For a verse

For a verse

In its 21st edition, Jashn-e-Bahar will see Urdu poets across generations and regions

Poets at the last edition of Jashn-e-Bahar

Daad-o-tahseen ka ye shor hai kyun/Ham to khud se kalaam kar rahe hain (Why is there a crescendo of applause and praise/I’m merely talking to myself), wrote iconoclastic Pakistani poet Jaun Elia. A lot of poetry may spring from the poets’ conversations with the self, but when the bards gather for a mushaira, they have to find a meeting point with their variegated audience. At mushairas, poets hanker for daad with the intensity of a lover longing to hear from the beloved. Delhi will see such a gathering of poets vying for vigorous waah waahs from the audience on Friday, when the curtain rises on the 21st edition of Jashn-e-Bahar (Celebration of Spring), which has become an annual fixture on the city’s cultural calendar.

The mushaira mirrors the works of established as well contemporary practitioners of Urdu poetry and also serves as a microcosm of India’s syncretic cultural tradition and its diversity. Poets from Washington DC (Abdullah Abdullah), Houston (Nausha Asrar), Osaka (So Yamane), Doha (Aziz Nabeel) and Abu Dhabi (Syed Sarosh Asif), along with many from across India, will participate in the event organised by Jashn-e-Bahar trust, founded by Kamna Prasad. The Indian participants include veteran poet Wasim Barelvi, young poets like Iqbal Ashhar and Azhar Iqbal, and lyricist and poet Aalok Shrivastav, who will conduct the mushaira.

These poets, through their verses, will appeal to the audience’s core humanity and voice their joys and sorrows. Barelvi, 79, who has been regularly attending the event, says his poetry is the voice and realisation of his being that reflects in his words. “I have not written a single line for the heck of writing or by employing artifice. I never write poetry while sitting on a desk or a chair. I write poetry even while I am walking or talking. The harvest reaped thus reaches the masses or finds its way to journals and anthologies,” he says. In one of his shers (couplets) that he will recite at the mushaira, he talks about life’s ups and downs: “Jinhe aapas mein takrane se hi fursat nahin milti/unhin shakhon ke patte lahlahana bhool jaate hain (the branches that use all the time colliding with each other/it’s on them that the leaves forget to flourish).”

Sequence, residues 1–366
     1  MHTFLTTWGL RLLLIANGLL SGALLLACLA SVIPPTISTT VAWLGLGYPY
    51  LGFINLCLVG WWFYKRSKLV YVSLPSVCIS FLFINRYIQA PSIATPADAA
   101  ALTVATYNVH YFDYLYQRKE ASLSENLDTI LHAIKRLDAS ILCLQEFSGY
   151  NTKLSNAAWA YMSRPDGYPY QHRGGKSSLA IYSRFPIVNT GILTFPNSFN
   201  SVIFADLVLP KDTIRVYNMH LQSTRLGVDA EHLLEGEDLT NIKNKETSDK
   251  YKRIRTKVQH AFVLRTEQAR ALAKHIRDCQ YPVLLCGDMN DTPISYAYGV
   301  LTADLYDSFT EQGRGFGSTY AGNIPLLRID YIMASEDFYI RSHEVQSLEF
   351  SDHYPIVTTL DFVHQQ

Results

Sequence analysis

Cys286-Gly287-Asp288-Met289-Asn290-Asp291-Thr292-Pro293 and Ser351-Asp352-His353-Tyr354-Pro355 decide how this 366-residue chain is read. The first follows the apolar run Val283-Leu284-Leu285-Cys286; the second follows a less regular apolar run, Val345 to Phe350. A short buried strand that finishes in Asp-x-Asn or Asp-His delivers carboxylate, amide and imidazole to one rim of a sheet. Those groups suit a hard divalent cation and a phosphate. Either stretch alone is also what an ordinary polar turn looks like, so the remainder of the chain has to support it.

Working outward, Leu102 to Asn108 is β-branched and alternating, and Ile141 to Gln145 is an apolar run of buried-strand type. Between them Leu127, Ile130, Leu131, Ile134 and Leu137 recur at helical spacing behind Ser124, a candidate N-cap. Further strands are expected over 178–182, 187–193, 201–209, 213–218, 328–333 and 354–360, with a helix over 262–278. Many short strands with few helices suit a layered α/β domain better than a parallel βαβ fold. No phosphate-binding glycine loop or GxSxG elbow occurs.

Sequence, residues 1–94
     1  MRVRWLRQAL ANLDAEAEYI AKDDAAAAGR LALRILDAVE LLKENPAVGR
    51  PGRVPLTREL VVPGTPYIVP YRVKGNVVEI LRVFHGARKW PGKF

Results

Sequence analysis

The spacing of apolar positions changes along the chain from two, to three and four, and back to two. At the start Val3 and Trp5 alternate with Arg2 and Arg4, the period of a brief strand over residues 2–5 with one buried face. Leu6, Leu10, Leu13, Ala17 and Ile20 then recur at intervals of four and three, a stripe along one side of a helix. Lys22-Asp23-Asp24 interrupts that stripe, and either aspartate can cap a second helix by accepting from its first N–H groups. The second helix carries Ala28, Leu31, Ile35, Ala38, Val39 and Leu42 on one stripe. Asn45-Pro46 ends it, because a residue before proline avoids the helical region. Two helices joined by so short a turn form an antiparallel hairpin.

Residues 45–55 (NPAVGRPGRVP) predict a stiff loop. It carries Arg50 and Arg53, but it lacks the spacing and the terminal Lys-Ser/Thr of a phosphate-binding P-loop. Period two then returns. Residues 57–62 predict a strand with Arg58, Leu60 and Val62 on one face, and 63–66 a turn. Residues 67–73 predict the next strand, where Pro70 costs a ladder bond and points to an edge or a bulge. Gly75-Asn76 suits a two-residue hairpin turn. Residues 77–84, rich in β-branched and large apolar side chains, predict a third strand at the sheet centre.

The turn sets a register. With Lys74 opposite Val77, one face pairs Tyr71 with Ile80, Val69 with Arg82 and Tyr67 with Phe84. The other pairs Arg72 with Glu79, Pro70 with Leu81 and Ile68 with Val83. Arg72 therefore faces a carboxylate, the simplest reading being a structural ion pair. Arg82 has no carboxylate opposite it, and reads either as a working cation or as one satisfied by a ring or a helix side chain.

So Yamane from Osaka; Wasim Barelvi

The mushaira, says Barelvi, is an institution of paband aazadi (bound freedom) and aazad pabandi (free bound), where you establish the order through self-assessment. He describes it as a consensus or synchronicity between saut-o-samaat (voice and the perception of sound). “It is a cultural act that harks back to, and is a shining example of, the age-old tradition of India,” he says.


Urdu, the language the mushaira aims to promote, is not just adab (literature), it is also about aadab (morals), says Prasad. She adds, “It’s not just a language, but also a culture that we’ve inherited.” Urdu has always taken everyone together, she says, adding that it’s the language of yakjahti (unity) and bhaichara (brotherhood). “Urdu ki bastiyan poori duniyan mein aabad ho gayin hain ab (The settlements of Urdu have mushroomed around the world),” she says. Barelvi echoes: “The public democracy (awami jamhooriat) of Urdu has reached all corners of the world.”

Prasad tries to invite poets writing ghazals as well as nazms to the mushaira, bringing together younger poets with the seniors, and voices from different regions. The poets, meanwhile, perhaps come here to seek solace in the camaraderie, connect with the audience and, most of all, in anticipation of daad. They thrive on it. Even Jaun Elia did.